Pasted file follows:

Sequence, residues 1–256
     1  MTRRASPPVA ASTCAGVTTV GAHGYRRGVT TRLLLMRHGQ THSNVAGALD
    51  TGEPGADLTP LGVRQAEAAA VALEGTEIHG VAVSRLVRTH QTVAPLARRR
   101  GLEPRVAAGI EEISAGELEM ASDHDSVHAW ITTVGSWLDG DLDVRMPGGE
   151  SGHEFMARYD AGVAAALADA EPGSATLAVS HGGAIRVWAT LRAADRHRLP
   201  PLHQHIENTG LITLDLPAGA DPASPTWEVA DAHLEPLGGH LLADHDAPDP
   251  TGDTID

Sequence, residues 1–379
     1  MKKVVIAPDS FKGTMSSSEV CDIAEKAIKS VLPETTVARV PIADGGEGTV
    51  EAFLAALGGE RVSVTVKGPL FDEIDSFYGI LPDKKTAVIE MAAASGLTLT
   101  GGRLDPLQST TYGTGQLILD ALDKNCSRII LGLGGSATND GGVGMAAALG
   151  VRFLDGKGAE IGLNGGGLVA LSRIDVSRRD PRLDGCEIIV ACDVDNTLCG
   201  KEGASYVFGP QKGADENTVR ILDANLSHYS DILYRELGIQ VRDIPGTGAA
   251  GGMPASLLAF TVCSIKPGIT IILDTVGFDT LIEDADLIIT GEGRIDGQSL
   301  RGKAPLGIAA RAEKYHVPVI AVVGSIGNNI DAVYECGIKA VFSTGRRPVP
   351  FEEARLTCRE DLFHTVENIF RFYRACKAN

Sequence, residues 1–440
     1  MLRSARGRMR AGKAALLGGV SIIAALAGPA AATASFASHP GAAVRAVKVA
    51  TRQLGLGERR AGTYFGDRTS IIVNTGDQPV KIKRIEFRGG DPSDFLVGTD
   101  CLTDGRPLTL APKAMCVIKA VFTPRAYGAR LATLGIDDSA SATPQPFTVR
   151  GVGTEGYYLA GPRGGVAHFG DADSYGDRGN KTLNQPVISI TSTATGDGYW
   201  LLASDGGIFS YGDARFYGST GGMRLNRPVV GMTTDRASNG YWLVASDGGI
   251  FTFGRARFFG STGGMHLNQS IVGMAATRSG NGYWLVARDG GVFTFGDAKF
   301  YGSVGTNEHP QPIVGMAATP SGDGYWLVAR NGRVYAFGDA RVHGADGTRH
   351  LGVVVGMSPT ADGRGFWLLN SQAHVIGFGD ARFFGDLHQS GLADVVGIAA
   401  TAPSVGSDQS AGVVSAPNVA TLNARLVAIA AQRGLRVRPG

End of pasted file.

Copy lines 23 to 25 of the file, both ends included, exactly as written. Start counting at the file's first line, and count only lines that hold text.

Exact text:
   251  FTFGRARFFG STGGMHLNQS IVGMAATRSG NGYWLVARDG GVFTFGDAKF
   301  YGSVGTNEHP QPIVGMAATP SGDGYWLVAR NGRVYAFGDA RVHGADGTRH
   351  LGVVVGMSPT ADGRGFWLLN SQAHVIGFGD ARFFGDLHQS GLADVVGIAA